This is a redemptive musical after all. It defiantly does not pass the Bechdel test , which is a gender litmus test for women in literature and the arts. Here we have blokes who are boisterous and unapologetic, women who are manipulated and used. But when the worm turns and Rose finds strength, the whole audience cheered. This is community theatre and while a nit-picker might linger on less than perfect production elements, it has power where it needs it. In the stellar leads, the excellent live music and the exciting ensemble work.

Blackout’s DOGFIGHT has a wonderful supporting cast. The Marines are terrific and they have obviously worked incredibly hard on their chorus work and their very manly choreo (Stephanie Bellchambers). Jed Arthur as Eddie’s young mate Bernstein and Matthew Giles as the pack leader of this trio, Boland both do a great job. It’s evident they have great fun together and ‘We Three Bees’ gives the camaraderie and bonding which endears them to the audience. And you have gotta love artists who apologise for their characters in their bio. I love this company!

Briony Burnes as Marcie, a professionally ugly ringer at the Dogfight is exciting to watch. Sassy and defiant with a great voice on display especially in the duo ‘Dogfight’ with Woolley. Brendan D’Souza as the Lounge Singer was also outstanding. I actually had a sore bit where my friend kept nudging me every time he was on. Chippy and the Fondues were exuberant and fun to watch and if you want to see the antics that this company get up to, check out ‘Chippy’s’ HouseMateGoals Youtube.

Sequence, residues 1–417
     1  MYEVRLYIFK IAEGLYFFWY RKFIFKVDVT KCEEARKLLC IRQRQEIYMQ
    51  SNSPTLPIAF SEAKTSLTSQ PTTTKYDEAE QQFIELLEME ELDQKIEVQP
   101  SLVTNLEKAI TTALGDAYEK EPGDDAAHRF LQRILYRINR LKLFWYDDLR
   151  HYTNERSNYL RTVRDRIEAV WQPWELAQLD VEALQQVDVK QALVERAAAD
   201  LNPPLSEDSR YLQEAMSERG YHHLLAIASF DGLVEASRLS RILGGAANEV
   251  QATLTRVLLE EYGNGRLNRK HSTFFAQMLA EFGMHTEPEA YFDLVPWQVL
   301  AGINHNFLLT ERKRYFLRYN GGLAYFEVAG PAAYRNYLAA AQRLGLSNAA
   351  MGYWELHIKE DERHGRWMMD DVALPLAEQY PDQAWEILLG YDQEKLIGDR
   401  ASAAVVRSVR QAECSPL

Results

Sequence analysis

Musical Director Koren Beale again keeps her brilliant little band out of the way of the actors. Cleverly hidden behind a curtain leg to avoid catching the audience eye at the wrong time, she also uses the music is subtly effective ways. The strings under ‘Funny’ were heartbreaking, the electric piano solo under the dinner scene and the spot-on perfect tempo for ‘Come Back’ just a couple of the ways I really appreciated her musicians’ under stated support of the singing. It has to be said that the audio mix was finding its feet on opening night but it will improve.

Especially with Director Angela Hanna at the helm. All the scenes mesh beautifully and Hanna obviously has a really clear vision for DOGFIGHT. It shows in the characters, her tight control over movement and placement, and particularly in the way she has gently enriched the main action with character-filled by play which brings the big scenes alive. If there is one example of how a community theatre director can excel, it is in the war scene.

I know this work really well and I will admit to being worried when I entered the auditorium. Wide stage, close to the front row, analogue LX! How on earth were they going to do the most important narrative scene of the show? Having put my name forward as a supporter of Blackout TC I should know better. It was fantastic. The soundscape was perfectly sourced and operated at just the right level, the clever use of a downstage harsh spot gave the audience a focus point, the cast were dead on with their movement and the emotional quotient ramped to the max.

Blackout Theatre’s DOGFIGHT deserves a mention in Dispatches and should have its name put up for some kind of Community Theatre Medal! The show continues until February 12th.